EPIDEMIA is a collaborative project involving scientists from South Dakota State University (SDSU) and the USGS Center for Earth Resources Observation and Science (EROS) along with public health partners from government agencies and non-governmental organizations in the United States and Ethiopia. Our research involves analyzing, mapping, and forecasting the risk of infectious diseases across large areas. To carry out this work, we use a variety of geoinformatics technologies including satellite remote sensing for environmental monitoring, geographic information systems for data management and processing, and spatial statistics for analysis and modeling. The ultimate goal is to design early warning systems that can forecast the locations of future disease outbreaks based on environmental risk factors. To achieve this aim, we are developing the Epidemic Prognosis Incorporating Disease and Environmental Monitoring for Integrated Assessment (EPIDEMIA) system. This set of computational and analytical tools will integrate data from multiple sources, including earth observing satellites as well as epidemiological and entomological surveillance systems, to generate more timely and accurate predictions of disease outbreaks.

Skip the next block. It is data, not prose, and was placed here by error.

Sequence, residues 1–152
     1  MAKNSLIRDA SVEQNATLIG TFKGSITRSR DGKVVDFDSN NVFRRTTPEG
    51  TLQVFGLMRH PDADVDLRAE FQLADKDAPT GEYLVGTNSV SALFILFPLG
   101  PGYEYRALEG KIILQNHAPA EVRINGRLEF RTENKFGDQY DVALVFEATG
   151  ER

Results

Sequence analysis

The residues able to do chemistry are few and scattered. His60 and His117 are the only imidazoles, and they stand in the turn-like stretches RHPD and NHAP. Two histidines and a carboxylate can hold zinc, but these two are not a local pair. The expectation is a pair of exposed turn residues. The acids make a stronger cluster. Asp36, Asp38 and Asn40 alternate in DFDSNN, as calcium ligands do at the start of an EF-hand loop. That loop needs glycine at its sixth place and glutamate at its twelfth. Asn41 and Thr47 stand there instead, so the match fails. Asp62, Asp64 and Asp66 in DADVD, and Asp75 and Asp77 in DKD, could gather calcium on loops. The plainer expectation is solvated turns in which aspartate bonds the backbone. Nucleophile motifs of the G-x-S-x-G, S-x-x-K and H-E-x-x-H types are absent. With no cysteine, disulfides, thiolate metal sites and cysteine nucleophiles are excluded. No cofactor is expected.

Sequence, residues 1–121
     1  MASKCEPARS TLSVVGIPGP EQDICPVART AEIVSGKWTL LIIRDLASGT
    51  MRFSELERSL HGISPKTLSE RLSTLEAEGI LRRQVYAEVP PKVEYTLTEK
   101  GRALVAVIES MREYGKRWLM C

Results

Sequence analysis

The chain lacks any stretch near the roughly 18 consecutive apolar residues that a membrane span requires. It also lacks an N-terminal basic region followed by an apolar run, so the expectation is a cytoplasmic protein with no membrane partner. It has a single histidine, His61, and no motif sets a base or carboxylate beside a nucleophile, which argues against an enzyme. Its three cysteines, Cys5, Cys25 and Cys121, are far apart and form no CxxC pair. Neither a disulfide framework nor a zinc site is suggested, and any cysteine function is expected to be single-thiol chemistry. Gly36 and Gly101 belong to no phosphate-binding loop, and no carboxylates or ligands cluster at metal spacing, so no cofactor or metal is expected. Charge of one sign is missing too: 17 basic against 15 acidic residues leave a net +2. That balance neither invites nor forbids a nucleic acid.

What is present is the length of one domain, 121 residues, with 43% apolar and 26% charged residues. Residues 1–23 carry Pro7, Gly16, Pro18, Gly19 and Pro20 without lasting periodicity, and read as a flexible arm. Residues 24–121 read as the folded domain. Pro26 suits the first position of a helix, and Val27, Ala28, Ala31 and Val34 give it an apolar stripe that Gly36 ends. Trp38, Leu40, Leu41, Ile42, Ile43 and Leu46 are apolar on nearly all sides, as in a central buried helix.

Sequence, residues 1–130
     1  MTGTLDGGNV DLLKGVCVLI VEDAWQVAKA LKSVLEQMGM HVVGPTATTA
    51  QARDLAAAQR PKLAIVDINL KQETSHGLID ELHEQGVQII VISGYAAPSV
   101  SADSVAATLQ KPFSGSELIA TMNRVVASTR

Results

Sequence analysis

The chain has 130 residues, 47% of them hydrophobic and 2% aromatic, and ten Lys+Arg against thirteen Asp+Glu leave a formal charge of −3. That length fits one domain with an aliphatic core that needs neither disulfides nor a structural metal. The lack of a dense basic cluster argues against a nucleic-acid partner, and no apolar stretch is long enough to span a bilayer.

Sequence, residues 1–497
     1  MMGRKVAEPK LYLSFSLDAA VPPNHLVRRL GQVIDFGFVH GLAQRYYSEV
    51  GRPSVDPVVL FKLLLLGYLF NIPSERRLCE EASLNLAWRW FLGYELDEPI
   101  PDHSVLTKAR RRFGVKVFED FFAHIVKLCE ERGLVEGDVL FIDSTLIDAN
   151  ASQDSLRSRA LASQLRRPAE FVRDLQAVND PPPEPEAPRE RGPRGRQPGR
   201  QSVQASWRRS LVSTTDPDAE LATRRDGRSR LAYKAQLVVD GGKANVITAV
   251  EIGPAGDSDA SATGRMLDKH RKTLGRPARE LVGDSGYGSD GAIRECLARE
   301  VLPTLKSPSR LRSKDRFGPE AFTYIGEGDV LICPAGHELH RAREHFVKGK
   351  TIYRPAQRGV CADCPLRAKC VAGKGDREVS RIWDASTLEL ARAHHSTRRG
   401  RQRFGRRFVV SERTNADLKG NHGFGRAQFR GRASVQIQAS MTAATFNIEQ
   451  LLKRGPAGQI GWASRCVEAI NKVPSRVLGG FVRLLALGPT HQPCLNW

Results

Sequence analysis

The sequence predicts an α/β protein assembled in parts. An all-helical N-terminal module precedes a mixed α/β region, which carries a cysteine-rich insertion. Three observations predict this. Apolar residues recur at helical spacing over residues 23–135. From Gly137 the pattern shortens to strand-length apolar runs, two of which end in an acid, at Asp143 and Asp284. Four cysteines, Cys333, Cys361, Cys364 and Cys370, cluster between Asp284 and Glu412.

Our current work is focused on two mosquito-borne diseases: West Nile virus in the northern Great Plains region of the United States and malaria in the Amhara region of Ethiopia. Major collaborators include the Health, Development, and Anti-Malaria Association, the Amhara Regional Health Bureau, and the South Dakota Department of Health. We work closely with these public health organizations to determine how our forecasts and risk maps can best be applied to support disease prevention and control efforts. This research is supported by grants from the National Institutes of Health, National Institute of Allergy and Infectious Diseases (R01AI079411) and the NASA Applied Sciences Program (NNX11AF67G).